Churches Raising Up Pastors – Capitol Hill Baptist Church
9Marks wants to see more churches and pastors taking responsibility for raising up the next generation of pastors. To help our readers catch a vision for what that might look like, we asked several organizations closely tied to one or several local churches how they fulfill this mission. With one exception, each of the following organization answers the same 18 questions.
- Bethlehem College and Seminary (formerly TBI) Minneapolis, Minnesota
- Capitol Hill Baptist Church Washington, DC
- Charles Simeon Trust Chicago, Illinois
- Cornhill Training Course London, England
- ENTRUST Durban, South Africa
- Lakeview Baptist Church Auburn, Alabama
- Ministry Training Strategy (different format) Sydney, Australia
- Sovereign Grace Pastors‘ College Gaithersburg, Maryland
Here are the answers for the Capitol Hill Baptist Church internship program (submitted by Ben Wright). Capitol Hill Baptist Church is located in Washington, D. C.
- Organization name
Capitol Hill Baptist Church
- Year began
- What’s the relationship between the organization and a local church?
They are the same.
- How many students per semester or year?
6/semester, 2 semesters/year
- What’s the length of the program?
- Does the program cost? How much?
No cost to interns; roughly $100K/year cost to church
- Is it full time? Are students allowed/required to be doing something else (work, study) at the same time?
It is full time. Outside work is discouraged if not prohibited.
- Is housing made available for students? Cost?
It is made available in most cases. Occasionally married applicants offer to provide their own to increase their likelihood of being accepted.
- What are the program’s goals?
We are attempting to give aspiring pastors a church-centric or a congregationally-shaped view of the Christian life, and we’re trying to accomplish that worldview shift or that paradigm shift in their thinking.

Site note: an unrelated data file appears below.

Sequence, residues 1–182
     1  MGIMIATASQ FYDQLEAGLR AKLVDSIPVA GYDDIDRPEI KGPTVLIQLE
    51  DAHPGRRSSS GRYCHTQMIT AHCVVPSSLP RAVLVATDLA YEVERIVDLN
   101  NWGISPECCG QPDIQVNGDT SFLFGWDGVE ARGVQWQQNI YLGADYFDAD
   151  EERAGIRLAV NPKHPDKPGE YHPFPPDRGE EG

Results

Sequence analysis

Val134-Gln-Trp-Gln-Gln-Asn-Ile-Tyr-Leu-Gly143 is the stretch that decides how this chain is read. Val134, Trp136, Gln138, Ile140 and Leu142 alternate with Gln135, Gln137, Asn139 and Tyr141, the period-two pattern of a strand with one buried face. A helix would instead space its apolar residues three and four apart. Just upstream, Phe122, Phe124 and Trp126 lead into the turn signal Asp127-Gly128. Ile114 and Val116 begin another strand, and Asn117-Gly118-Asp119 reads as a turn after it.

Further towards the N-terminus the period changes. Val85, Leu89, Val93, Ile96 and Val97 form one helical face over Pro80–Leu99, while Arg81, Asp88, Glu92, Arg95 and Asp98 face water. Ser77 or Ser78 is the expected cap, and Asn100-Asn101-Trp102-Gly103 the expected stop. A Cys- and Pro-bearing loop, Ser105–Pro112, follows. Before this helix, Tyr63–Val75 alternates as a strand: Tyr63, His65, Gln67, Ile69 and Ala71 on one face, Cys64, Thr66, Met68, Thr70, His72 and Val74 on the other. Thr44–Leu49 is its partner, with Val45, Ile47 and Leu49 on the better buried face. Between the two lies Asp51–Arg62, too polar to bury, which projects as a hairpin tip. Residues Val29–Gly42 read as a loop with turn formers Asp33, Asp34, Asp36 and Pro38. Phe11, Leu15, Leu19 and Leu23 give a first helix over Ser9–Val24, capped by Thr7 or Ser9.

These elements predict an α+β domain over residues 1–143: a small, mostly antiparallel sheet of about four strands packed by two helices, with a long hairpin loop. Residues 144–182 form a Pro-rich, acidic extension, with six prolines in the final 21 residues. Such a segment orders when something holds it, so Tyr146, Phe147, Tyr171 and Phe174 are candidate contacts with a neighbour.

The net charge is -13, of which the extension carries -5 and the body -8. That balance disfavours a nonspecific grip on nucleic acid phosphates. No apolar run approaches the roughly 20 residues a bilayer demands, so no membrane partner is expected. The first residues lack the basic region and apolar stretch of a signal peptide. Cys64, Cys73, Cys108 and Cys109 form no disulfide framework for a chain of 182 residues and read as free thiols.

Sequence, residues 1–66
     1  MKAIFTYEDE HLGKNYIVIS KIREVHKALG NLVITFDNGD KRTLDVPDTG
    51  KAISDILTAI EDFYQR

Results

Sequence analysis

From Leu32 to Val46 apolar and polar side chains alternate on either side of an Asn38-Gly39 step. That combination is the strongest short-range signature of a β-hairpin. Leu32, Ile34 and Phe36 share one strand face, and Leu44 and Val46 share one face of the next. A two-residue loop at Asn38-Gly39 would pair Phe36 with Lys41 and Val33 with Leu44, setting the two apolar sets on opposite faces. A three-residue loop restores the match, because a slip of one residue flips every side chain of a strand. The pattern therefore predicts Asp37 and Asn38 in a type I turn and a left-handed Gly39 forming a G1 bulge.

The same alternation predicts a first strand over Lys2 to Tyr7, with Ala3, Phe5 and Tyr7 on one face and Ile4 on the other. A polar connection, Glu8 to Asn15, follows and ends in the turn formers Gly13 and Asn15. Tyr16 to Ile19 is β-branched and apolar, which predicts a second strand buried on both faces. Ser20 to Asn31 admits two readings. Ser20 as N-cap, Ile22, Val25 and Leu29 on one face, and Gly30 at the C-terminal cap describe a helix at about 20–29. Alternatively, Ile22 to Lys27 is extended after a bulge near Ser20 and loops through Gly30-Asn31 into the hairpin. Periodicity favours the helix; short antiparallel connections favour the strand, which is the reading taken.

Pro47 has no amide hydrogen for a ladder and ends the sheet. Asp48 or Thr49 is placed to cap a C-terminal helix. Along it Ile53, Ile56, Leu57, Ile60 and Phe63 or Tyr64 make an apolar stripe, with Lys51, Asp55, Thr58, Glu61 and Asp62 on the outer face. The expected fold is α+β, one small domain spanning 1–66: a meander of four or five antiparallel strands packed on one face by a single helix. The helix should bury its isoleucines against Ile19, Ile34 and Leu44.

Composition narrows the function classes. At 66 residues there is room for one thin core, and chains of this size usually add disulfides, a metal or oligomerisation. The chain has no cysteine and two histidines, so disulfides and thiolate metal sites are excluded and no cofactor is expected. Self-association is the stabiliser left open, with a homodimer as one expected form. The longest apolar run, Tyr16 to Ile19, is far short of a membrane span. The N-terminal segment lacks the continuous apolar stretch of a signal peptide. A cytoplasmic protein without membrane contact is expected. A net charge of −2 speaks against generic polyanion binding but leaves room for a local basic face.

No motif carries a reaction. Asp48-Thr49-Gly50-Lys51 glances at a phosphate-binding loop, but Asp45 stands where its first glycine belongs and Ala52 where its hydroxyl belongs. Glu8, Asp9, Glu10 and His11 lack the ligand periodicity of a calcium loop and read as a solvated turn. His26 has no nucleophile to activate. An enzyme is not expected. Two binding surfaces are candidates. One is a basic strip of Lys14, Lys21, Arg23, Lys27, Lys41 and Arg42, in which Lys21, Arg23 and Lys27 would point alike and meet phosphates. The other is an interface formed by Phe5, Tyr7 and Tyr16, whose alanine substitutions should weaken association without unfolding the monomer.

- What’s involved in the application process?
A written application requires references and personal information, especially related to pastoral ministry; candidates are also required to attend a 9Marks Weekender, where they will be informally interviewed. Application can be found at www.capitolhillbaptist.org.
- Can you give a brief overview of how the program works from the student’s standpoint?
To begin with, an intern is required to join the church. Interns read about 5,000 pages and write daily papers on their reading. Mark Dever and the other pastors then lead weekly discussions on the readings and papers. Interns also shadow pastoral staff, sit in on all church meetings including elders’ meetings, and must schedule lunches with every elder and every member of the staff. They must also schedule lunches with a cross-section of the congregation, attend all services and special events, and participate in a small group.
- What responsibilities does the student have in a typical week?
Read a few hundred pages, write papers, and attend meetings.
- Any further opportunities or responsibilities for the student?
Occasional teaching opportunities in small groups or other small settings. Also, every intern class attends one Dever speaking engagement out of state.
- How many pastors are involved, how are they involved, and what’s the cost on their time?
Four staff pastors are involved to varying levels. Mark Dever and Michael Lawrence give 10 to 15 hours per week to the program. Deepak Reju and Andy Johnson give about 5.
- How many non-pastoral staff involved and what do they do?
Several non-pastoral staff oversee various intern responsibilities. Each intern has a mentoring relationship in which he meets with a pastoral assistant (or occasionally a pastor) for about an hour a week. One pastoral assistant has administrative oversight in the program, including purchasing supplies, planning schedules, and overseeing some responsibilities.
- What is this program good for accomplishing?
It gives interns an in-depth look at what Scripture teaches a church should be, what a healthy church looks like, and how it’s led. Again, the program aims to give young men called into ministry a new ecclesiological worldview.
- What is it not good for accomplishing?
Pastoral placement, evaluating qualifications sufficiently, testing teaching gifts.
- Where are your graduated students now? What are they doing?
Numbers are approximate: 30% on church pastoral staff; 40% in seminary or PhD work; 20% working secular jobs; 10% in church planting/missions/missions support.